1. The legally correct answer as required by the IRS is that if $600 or more income was received in the name of a decedent in a year, then for the income received (and any possible deductible expenses owing to that income or any credits related) must be reported not on your joint filing, because it was after death, but on a separate Form 1041 in the name of his Estate (whether or not you file for a different EIN).  That means you would have to use a product such as TurboTax BUSINESS to create the 1041 and then have it generate the Schedule K-1 that would "pass through" that income (and expenses if any) to you or to whoever is the beneficiary who received the money ultimately. Given that $11,000 is considerably over $600, that is the legally structured reporting.  Note that for all practical purposes, the $11,000 is either taxes on the Form 1041 or taxed on your (assuming you are the beneficiary) Form 1040, so the IRS gets its money (more or less) either way.  However, if your husband did have considerable income and/or expenses that were received in 2018 after this death, it may be worth pursuing filing the Form 1041 (tax return for a decedent's estate or trust)

  2. A work-around that you might consider, but again #1 is the legally correct way, would be for you to assert that the $11,000 was received "in Respect to a Decedent" ("IRD") and to simply report it on your Form 1040 and enter the Form 1099-R with the additional information (click on the Form 1099-R Box 1 Field and enter additional information with the dollar amount) that this was IRD.  That way, you still pay tax but it is a simplified process, albeit not the more complex process.


Scruffy Curmudgeon
PFFM, IAFF, Locals 718 & 30, retired firefighter/medic; university faculty - Strategy & Quantitative Methods Med-M&M, Law discriminatory statistics, Med & PH - epidemiology statistics;
USAR 64-67 AIS/ASA MOS 9301 O3
-------------------------------------------------------
-------------------------------------

View solution in original post

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Level 1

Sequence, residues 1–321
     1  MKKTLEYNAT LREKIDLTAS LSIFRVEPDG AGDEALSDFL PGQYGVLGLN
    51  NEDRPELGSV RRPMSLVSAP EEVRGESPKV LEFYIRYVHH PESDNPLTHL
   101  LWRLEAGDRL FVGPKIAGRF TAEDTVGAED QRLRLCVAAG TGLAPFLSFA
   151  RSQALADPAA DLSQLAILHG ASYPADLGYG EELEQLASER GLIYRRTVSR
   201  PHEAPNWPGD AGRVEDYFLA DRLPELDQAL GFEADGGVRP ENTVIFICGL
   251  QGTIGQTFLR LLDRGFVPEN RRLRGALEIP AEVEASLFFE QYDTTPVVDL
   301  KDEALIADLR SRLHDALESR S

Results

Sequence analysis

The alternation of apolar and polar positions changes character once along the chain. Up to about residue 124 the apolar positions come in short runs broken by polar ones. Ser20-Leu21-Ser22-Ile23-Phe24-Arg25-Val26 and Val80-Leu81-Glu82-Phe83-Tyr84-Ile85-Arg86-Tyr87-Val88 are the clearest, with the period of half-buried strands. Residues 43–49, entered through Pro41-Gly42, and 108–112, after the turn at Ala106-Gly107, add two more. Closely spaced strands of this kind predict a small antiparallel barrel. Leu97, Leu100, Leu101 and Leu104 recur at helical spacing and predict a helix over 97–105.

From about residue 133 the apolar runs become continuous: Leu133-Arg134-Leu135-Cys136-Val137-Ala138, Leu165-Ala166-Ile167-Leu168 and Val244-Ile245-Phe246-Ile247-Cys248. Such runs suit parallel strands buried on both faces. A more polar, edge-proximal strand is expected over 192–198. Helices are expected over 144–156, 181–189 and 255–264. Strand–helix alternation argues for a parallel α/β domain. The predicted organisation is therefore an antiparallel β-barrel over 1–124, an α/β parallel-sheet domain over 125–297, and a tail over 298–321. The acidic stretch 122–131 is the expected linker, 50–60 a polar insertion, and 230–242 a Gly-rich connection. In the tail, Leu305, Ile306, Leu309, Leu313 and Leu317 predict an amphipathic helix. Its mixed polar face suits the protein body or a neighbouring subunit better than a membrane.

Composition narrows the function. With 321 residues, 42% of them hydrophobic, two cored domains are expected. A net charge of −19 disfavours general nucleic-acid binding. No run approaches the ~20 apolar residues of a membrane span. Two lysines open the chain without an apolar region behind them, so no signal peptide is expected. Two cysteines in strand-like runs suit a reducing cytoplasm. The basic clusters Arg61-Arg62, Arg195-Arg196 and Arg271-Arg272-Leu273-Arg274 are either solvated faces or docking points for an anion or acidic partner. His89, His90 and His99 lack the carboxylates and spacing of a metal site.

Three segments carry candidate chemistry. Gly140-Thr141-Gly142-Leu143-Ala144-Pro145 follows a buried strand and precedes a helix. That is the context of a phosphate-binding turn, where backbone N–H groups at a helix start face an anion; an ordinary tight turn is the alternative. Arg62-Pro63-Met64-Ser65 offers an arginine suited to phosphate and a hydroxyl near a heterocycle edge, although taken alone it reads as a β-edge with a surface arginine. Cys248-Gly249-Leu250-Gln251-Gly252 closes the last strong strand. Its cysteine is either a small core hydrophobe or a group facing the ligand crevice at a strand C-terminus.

I received a 1099 misc form “to the estate of” for my deceased spouse with only income in box 3. Do I put this on my return for us or do I file one for the “estate”?

My husband died in 2016 and I  received  a 1099 C  in 2019 in his name. He didn't have an estate. My CPA told me to not worry about it. Is this true? 

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Expert Alumni

I received a 1099 misc form “to the estate of” for my deceased spouse with only income in box 3. Do I put this on my return for us or do I file one for the “estate”?

If he didn't have an estate, then he would be considered insolvent in the year the debt was forgiven, in which case he wouldn't have to pay tax on the cancellation of debt income. However, you need to complete a tax return to assert the insolvency defense.

 

As a practical matter, the worst that would happen is the IRS would assess tax on the income and mail you a notice, to which you could simply respond he is deceased with no estate in existence and that would probably resolve the issue.

 

So, I think the CPA gave you good advice.

 

 

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Level 1

I received a 1099 misc form “to the estate of” for my deceased spouse with only income in box 3. Do I put this on my return for us or do I file one for the “estate”?

Thanks! Another question we are in the middle of a worker's comp case. If a settlement is issued would that then make him have an estate? Would I have to pay taxes on the settlement if he is deceased?  I am a disabled widow under 40 who receives social security disability. Not SSI.

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Expert Alumni

I received a 1099 misc form “to the estate of” for my deceased spouse with only income in box 3. Do I put this on my return for us or do I file one for the “estate”?

If there was a check issued in his name or the name of his estate, then that would create an estate. However, the money would be received after the debt was cancelled, so that wouldn't change the fact that the estate was insolvent at the time the debt was cancelled. 

 

That is assuming the case was not settled at the time debt was cancelled.